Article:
Bighorn rams can run at speeds up to 40 miles per hour when fighting for dominance.
Bighorn Sheep Scientific Classification
- Scientific Name
- Ovis canadensis
Bighorn Sheep Conservation Status
Bighorn Sheep Facts
There are different subspecies of bighorn sheep, but they all have big horns. Some live in the desert while others live in the mountains. The facts are that at least two populations of bighorn sheep may soon be extinct.
5 Incredible Facts About Bighorn Sheep!
- These sheep live in the Rocky Mountains and the Sierra Nevada ranges of the United States, Canada, and Mexico.
- Bighorn sheep rams use their horns to ram each other to determine dominance, but they seldom hurt each other.
- They live in same-sex herds.
- Bighorn sheep put on a second coat over their summer coats to stay warm in the winter.
- Dall sheep have the same scientific name as bighorn sheep.
The scientific name of these sheep is Ovis canadensis. They belong to the Artiodactyla order, including pigs, sheep, goats, cattle, deer. These sheep belong to the Bovidae family and the Caprinae subfamily.
About 750,000 years ago, during the Pleistocene period, the ancestors of bighorn sheep wandered away from their pastures in Siberia. Reaching the Bering Land Bridge, they crossed it entering North America. The newcomers continued their journey until at last their range extended to Mexico’s northwest.
One hundred and fifty thousand years later, the bovids became a separate entity from those left behind in Siberia, snow sheep. They went on to further separate into two groups, one which lived in northern Canada and Alaska, otherwise known as Dall sheep, and their relatives to the south which extended from Southern Canada to Northwestern Mexico, bighorn sheep.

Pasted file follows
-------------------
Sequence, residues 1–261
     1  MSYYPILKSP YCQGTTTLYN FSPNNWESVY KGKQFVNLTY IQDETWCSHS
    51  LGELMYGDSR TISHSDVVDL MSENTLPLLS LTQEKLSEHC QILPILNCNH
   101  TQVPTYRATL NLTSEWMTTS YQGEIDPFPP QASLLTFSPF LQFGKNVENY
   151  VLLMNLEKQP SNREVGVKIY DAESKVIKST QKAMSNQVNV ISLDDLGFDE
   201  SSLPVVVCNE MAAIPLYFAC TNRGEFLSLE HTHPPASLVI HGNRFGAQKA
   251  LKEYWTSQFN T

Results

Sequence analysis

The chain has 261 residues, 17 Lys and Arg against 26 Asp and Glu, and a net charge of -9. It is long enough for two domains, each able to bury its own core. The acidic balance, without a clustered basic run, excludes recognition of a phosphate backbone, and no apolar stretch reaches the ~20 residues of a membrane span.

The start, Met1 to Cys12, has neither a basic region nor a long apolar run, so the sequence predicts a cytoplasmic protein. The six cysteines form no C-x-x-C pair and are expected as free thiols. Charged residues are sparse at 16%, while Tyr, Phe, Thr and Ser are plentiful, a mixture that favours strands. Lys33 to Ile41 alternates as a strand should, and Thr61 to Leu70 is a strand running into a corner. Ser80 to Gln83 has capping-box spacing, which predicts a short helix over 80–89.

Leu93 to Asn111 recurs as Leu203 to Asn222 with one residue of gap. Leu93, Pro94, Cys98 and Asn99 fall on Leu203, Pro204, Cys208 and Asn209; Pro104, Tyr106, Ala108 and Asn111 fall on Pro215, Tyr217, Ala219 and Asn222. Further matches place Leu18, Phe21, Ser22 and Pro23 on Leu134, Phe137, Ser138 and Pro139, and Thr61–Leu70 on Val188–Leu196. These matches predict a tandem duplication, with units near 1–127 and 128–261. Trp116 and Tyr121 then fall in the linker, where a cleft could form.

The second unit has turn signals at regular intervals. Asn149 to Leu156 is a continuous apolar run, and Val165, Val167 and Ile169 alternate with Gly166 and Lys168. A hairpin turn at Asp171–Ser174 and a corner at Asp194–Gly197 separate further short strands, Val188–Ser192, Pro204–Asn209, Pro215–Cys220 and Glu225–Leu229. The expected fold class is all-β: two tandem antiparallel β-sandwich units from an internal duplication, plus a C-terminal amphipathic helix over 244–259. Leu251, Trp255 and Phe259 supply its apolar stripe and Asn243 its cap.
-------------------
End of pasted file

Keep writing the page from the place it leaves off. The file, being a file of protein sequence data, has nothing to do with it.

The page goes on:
However, it is worth noting that the demarcation between both groups has since blurred since both populations have mixed with each other throughout history.
Bighorn sheep can be divided into three subspecies:
- Ovis canadensis sierrae – This subspecies lives in California’s Sierra Mountain range.
- Ovis canadensis nelsoni – This subspecies lives in the desert in the Southwestern United States and Northwestern Mexico
- Ovis canadensis canadensis – This subspecies lives in the Rocky Mountains in Canada and throughout the Northwestern United States.
These sheep vary a little by subspecies. Rocky Mountain sheep are the biggest wild sheep in North America. Males weigh about 300 pounds. These animals stand about 42 inches tall at their shoulders or about the same height as a typical kindergartener. They grow to be about 5.5 feet long.
Females are smaller than males. They generally stand about 33 inches tall, which is about the same size as an average 2-year-old. Ewes typically weigh around 135 pounds, or almost as much as a small English Mastiff bitch.
Rocky Mountain sheep have a greyish-brown coat that turns darker in the summer. Additionally, Rocky Mountain sheep which live in Canada usually have a darker coat than those who live in the United States. These animals have a white patch on their rump and their inner legs and muzzle.
These animals have several adaptations that help them survive. They develop a thick winter coat over their summer coat. Their hooves are made in two parts, which allows them to keep their footing in mountainous terrain. Each part contains a soft inner material helping them walk on uneven ground. Their eyes are broad set, and they can see up to 1 mile, which can help them spot a predator while it is far away.
Desert sheep are usually smaller than Rocky Mountain bighorn sheep. Rams typically weigh about 220 pounds and stand about 40 inches tall. The coat on these animals is tan as opposed to brown.
Like Rocky Mountain sheep, they have cloven hooves so that they can climb in rough terrain. They have a complex digestive tract designed to get all nutrients possible out of the plants that they eat.
Generally, Sierra Nevada bighorn sheep have a large variation in their coloring. In the summer, they may appear dark brown while they appear almost white in the winter. This is because the sun bounces off the snow, fading their coats. Rams usually weigh about 180 pounds while ewes weigh about 125 pounds.